Regional differences in agricultural profitability, government payments, and farmland values: Implications of DuPont expansion
Purpose - The purpose of this paper is to use the DuPont expansion to examine those factors underlying differences in (rates of) return on different crop portfolios over space (ten regions) and time (1960-2004). The paper also estimates the impact of government payments on farmland values through its impact on farm profitability. Design/methodology/approach - Businesses use the DuPont model to analyze the profitability of a business. This model includes three components: net profit margin, asset turnover, and financial leverage (or assets to equity). It is based on the relationships among these three components and is expressed as a product of ratios. For the purposes of the current study, accrued capital gains from (total) returns are excluded to focus on cash returns “cash flow”. Returns from current income are a “cash flow” available in the short run to pay financial obligations. Furthermore, returns from capital gains are not liquid; they are gains in wealth fully captured as capital gains/losses only in the longer term. Following the DuPont approach, the effect of government payments on farm asset values is equal to the sum of the effect of government payments on profit margins plus the effect of government payments on the asset turnover ratio. Findings - The analysis focuses on agricultural profitability in the ten Economic Research Service (ERS) regions. By comparing the components of the DuPont expansion, profitability differences over time are analyzed. The results indicate that one cause of low profitability in the Corn Belt and Mountain regions is a perpetually low profit margin while the evidence for other regions supports lower asset efficiency. Results show that government payments impact the profit margin and affect value of farm assets in particular farmland values but not asset turnover ratio. Originality/value - The use of DuPont expansion factor in agriculture is original and really helps us to understand the factors driving profitability in agriculture. Another innovation (originality) in this paper is the theoretical model that connects the DuPont expansion factor, government payments and its impact on farmland values.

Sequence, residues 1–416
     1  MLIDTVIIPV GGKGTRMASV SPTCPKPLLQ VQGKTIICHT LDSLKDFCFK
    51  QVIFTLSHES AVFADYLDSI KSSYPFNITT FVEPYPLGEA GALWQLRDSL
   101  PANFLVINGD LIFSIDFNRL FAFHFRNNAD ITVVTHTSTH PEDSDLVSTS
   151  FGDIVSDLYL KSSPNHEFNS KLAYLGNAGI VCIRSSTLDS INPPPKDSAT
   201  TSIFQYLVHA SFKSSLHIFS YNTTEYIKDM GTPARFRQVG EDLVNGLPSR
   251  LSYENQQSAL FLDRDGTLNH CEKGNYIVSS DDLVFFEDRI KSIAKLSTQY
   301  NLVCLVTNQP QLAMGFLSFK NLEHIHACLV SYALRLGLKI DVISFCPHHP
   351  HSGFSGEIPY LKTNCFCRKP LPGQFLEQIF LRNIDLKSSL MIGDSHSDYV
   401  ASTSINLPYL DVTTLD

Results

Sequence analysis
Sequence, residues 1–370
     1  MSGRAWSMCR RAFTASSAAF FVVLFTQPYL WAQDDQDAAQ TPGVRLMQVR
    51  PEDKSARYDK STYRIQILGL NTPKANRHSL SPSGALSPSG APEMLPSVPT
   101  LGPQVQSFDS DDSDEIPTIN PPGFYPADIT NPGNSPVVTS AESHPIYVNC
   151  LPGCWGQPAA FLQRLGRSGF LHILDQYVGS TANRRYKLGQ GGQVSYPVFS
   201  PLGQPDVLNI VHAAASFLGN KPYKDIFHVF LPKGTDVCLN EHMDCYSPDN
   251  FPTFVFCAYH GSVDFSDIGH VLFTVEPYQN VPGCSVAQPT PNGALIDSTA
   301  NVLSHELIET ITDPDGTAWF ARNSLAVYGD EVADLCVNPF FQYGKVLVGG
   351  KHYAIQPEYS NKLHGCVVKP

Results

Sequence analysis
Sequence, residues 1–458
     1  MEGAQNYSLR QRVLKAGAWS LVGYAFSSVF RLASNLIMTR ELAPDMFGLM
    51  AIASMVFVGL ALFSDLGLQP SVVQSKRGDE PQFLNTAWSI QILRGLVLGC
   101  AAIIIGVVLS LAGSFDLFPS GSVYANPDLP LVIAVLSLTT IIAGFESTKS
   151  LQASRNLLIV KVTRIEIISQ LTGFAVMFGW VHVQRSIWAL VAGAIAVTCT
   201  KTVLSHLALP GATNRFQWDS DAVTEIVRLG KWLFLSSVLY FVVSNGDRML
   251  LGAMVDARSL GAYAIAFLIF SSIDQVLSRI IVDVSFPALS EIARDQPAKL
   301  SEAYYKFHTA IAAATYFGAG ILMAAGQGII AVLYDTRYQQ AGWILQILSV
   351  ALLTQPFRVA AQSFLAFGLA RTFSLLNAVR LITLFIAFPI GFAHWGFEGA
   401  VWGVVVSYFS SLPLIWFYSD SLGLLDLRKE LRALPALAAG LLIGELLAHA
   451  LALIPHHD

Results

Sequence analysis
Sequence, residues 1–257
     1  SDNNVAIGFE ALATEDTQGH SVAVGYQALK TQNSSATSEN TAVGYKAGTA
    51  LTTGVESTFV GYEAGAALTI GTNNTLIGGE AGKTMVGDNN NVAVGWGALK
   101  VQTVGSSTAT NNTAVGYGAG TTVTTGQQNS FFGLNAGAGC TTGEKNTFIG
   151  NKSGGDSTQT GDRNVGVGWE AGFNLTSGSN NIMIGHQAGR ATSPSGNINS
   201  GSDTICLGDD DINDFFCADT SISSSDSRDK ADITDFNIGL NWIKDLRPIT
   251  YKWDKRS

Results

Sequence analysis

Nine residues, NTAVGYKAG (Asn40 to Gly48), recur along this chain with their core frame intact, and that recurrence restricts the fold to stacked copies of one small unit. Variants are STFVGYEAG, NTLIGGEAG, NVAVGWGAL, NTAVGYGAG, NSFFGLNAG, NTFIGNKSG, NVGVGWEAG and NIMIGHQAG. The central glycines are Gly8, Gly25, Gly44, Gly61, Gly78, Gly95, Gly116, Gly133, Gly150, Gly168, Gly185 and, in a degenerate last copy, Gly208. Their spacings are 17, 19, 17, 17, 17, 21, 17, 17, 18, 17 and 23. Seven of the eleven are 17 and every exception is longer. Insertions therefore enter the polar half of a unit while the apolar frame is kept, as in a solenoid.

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Volume (Year): 69 (2009)
Issue (Month): 1 (May)
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